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Economy in Brief

Japan's Trade Surplus Erodes Slightly As Nominal Imports Outpace Exports
by Robert Brusca  October 19, 2017

Japan ran its 24th consecutive surplus on its trade account in September. The three-month moving average of the trade balance is beginning to recover after hovering in the 300 billion yen to 359 billion yen range from mid-2016 to early-2017. The three-month average has climbed back up to 284 billion yen, approaching its former range. Unfortunately, the climb does not appear to be on the back of solid fundamentals.

Despite the fact that the trade deficit is stabilizing, exports are still running irregular growth rates. Growth is at a 15% pace over 12 months and three months but down to 5% over six months. Imports that are up by a strong 16% over 12 months had sunk to a pace in the region of 3% to 3.5% over three months and six months.

The exchange rate vs. the dollar is not playing a big role in trade right now and the three-month, six-month and 12-month yen averages are clustered right at 111 yen. The yen measured in broad terms, however, has been slipping steadily from 12-month to six-month to three-month.

While the nominal trade values show some signs of stabilizing, there is little that is dependable going on underneath that trend. Export and import prices and trade volumes are not especially supportive. Japan's export prices are rising irregularly at a 9.5% pace over 12 months then they rise slower over six months and faster, at a 13.4% pace, over three months. Export price growth is good for the trade balance in the short run but will undermine competiveness and export value in the long run. Import prices are up at a 13.6% pace over 12 months, falling at a 2.5% pace over six months, and rising at an 8.2% pace over three months. Export and import volumes show little consistent trends, but both are decelerating. Meanwhile, imports in real terms have slowed to a crawl as exports have life with growth of about 5% in real terms.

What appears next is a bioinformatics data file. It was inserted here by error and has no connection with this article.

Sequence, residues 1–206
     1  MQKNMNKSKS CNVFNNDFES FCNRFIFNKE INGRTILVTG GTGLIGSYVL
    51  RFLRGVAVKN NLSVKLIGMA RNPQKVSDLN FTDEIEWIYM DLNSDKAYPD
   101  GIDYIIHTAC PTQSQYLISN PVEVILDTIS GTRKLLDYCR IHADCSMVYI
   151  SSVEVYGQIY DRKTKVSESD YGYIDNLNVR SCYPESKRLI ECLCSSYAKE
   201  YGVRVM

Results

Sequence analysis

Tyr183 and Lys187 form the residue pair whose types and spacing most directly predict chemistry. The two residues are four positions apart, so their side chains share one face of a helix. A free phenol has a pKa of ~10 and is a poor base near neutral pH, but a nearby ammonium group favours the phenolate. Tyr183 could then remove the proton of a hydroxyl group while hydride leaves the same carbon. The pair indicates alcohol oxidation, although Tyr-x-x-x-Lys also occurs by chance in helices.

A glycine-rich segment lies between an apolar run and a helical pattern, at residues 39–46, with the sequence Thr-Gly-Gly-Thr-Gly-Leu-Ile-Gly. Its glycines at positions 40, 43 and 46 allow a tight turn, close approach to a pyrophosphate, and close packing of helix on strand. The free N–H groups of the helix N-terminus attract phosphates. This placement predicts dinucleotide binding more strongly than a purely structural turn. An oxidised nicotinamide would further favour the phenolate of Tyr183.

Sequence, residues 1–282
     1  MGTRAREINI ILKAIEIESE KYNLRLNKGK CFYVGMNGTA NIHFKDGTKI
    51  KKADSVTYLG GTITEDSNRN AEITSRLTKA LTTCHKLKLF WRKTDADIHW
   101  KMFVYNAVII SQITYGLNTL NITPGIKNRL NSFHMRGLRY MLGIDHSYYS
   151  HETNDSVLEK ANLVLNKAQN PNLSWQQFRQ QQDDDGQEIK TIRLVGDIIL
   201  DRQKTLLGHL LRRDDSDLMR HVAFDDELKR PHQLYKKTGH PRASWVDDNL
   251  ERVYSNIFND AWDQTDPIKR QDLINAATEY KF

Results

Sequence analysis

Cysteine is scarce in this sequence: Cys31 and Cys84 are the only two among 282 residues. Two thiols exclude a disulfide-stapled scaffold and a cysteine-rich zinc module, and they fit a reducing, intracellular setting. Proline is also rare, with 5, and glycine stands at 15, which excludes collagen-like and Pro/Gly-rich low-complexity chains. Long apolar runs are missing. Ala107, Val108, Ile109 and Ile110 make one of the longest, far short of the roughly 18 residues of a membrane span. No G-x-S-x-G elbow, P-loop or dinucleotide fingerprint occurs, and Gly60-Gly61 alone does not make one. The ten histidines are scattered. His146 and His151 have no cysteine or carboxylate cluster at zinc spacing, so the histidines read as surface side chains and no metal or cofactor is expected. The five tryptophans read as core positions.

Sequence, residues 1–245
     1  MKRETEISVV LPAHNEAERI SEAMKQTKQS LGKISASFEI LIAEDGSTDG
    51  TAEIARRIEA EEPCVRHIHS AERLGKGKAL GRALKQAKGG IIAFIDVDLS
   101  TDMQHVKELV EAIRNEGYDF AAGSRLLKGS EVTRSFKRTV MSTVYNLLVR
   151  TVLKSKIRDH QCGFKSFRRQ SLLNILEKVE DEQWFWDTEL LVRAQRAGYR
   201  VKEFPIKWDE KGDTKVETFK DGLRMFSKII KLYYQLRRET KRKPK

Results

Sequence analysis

The data suggest that Japan is not getting consistent domestic growth, to drive imports to expand. Meanwhile, exports are up at a somewhat better 5% rate of growth that suggests some growth in demand externally. Still, at 5% export growth, external demand is not terribly strong and the rate represents an ongoing slowdown, not a speed up.

While global PMIs have showed some pick up, their advance has leveled out. The strength that remains is in the more industrialized economies, while emerging economies are still a step behind the recovery process. Japan's most important trading partner is China and China's manufacturing PMI gauge has been hovering about the 51 mark which is only slightly above the breakeven value of 50 for a diffusion index. And for China, a reading in the PMI range of 51 is among the strongest readings it has been able to post since January 2012.

There is a good deal of anticipation in markets. In the U.S., the Dow Jones Industrial Average closed above 23,000 for the first time on Wednesday. Even market bulls are a bit wary of the lofty levels it has achieved on such uneven fundamentals. The Fed's Beige Book for this month was just released and if the Fed had used the words 'moderate' and 'modest' any more in the report to describe the economy it would have been fined by the language police. Despite rising bond yields and stock prices and despite a Fed plan to tighten, activity is not really accelerating. The U.K., as Mark Carney pointed out this week, is caught in some difficult cross currents. ECB members are gradually, cautiously, declaring their preparedness for less stimulus. And as the U.S. stock market soars, the Fed is dismantling its bloated balance sheet slowly and is moving somewhat unsteadily toward a the rate hike in December. Yet, the Fed's own Beige Book, a compilation of anecdotal data from its business contacts across the country, continues to show a tighter labor market that produces none of the trappings of a tighter labor market. That means that the Fed's conundrum is fully in place. And despite the fact that the economy is acting as the Fed expects, and that it is not generating the inflation that the Fed expected, inflation was used as a justification for its first rate hike one and three quarters years ago. And despite not hitting that mark, the Fed is showing little hesitation to keep up the rate hikes. And that will matter, too.

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